Today we wrestled with Locke’s idea of substance. A substance is a fundamental entity, one that can ground explanations, and one that can support qualities (or accidents). Atoms are substances, and maybe – Locke seems to say – macro level things like our own bodies are too. Locke thinks we can have ideas of substances, but our ideas do not reveal them as they are in the mind independent world. That is because we construct our complex ideas of substances out of the simple ideas we gain in perception – and these ideas (1) include all sorts of ideas of secondary qualities, which are nothing like real substances, (2) are missing the crucial idea of support, which would explain what makes a substance able to keep all these qualities together! Instead of getting at real things, we group together ideas that seem similar, ideas of things as they seem to us. This is a problem for our ideas of physical substance, but also for our ideas of mental substances – i.e. minds, or souls.
Perhaps, Locke says, if we only had microscopical eyes, we would see atoms, which are substances, as they are. We don’t have such eyes, and so Locke worries that he faces a problem of perceptual evil: how can we believe that (a) God wants us to understand things through perception, (b) God is all powerful, and yet (c) God produced us with eyes that only see large things which produce in us inaccurate ideas of substances? Locke argues in reply that microscopical eyes would not be useful, and so that they represent a tradeoff between the accuracy and usefulness, and God understandably chose to give us eyes that are useful. That is Locke’s theodicy about perception.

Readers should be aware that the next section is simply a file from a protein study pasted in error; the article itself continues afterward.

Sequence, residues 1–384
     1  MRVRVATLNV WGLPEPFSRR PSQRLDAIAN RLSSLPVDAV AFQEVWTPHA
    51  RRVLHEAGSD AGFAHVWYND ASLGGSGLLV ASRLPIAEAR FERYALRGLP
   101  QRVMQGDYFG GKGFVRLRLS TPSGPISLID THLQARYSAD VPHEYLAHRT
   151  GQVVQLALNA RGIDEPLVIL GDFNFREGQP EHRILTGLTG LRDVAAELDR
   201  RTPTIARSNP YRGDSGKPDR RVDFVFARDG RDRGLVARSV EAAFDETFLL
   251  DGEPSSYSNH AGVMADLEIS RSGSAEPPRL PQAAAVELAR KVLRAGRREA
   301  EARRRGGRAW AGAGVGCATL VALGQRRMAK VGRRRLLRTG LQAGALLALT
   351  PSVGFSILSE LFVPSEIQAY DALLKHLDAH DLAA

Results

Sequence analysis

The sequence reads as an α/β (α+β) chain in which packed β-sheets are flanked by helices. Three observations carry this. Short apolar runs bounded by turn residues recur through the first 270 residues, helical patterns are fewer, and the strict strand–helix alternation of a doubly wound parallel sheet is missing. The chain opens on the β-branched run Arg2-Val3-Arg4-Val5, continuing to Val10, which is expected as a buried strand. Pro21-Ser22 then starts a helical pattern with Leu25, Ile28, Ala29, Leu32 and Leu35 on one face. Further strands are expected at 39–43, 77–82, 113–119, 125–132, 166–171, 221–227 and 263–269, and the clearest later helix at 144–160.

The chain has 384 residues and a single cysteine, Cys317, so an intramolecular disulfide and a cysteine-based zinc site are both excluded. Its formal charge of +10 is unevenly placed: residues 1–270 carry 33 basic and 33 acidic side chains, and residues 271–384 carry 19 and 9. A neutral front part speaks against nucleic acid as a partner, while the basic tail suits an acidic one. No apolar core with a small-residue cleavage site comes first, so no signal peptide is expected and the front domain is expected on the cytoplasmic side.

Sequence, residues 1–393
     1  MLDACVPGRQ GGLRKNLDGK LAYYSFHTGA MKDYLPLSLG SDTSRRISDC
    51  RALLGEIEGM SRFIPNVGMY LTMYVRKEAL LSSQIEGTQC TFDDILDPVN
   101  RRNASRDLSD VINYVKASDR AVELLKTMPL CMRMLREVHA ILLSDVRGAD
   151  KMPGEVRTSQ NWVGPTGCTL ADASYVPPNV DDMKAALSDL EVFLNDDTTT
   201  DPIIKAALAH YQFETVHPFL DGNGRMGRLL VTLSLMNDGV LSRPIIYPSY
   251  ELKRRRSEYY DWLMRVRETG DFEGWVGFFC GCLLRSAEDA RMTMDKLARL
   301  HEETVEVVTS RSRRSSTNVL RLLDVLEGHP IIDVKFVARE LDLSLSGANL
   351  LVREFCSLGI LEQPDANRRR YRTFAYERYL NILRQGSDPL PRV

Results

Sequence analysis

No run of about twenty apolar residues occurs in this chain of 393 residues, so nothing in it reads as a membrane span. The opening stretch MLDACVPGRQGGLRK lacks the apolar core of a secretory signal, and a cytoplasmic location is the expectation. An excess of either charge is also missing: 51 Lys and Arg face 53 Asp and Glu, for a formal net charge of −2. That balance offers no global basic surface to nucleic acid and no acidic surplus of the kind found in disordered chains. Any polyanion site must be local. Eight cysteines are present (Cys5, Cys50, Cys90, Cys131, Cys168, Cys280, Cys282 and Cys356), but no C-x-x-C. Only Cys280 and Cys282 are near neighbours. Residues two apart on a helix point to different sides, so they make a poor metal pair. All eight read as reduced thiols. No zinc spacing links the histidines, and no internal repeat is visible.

Finally, we started into Locke's approach to causal power. According to Locke, there are two sorts of power: active power (the power to cause a change) and passive power (the power to change). We are aware of having active power ourselves, Locke thinks. This connects to Locke's account of liberty, which as we saw has two parts. In order to be free, a human action must be (1) willed, and (2) one must have had the power to do it or not do it. Then, just as we thought we had a complete picture of Locke's account, he added another wrinkle. Our choices are determined by the greatest present uneasiness that we feel. So how can we ever satisfy criterion (2), and have the power to do or not do something? Locke's answer, which few have found satisfying, is this: we have an ability to pause our decision making process, and reevaluate a situation.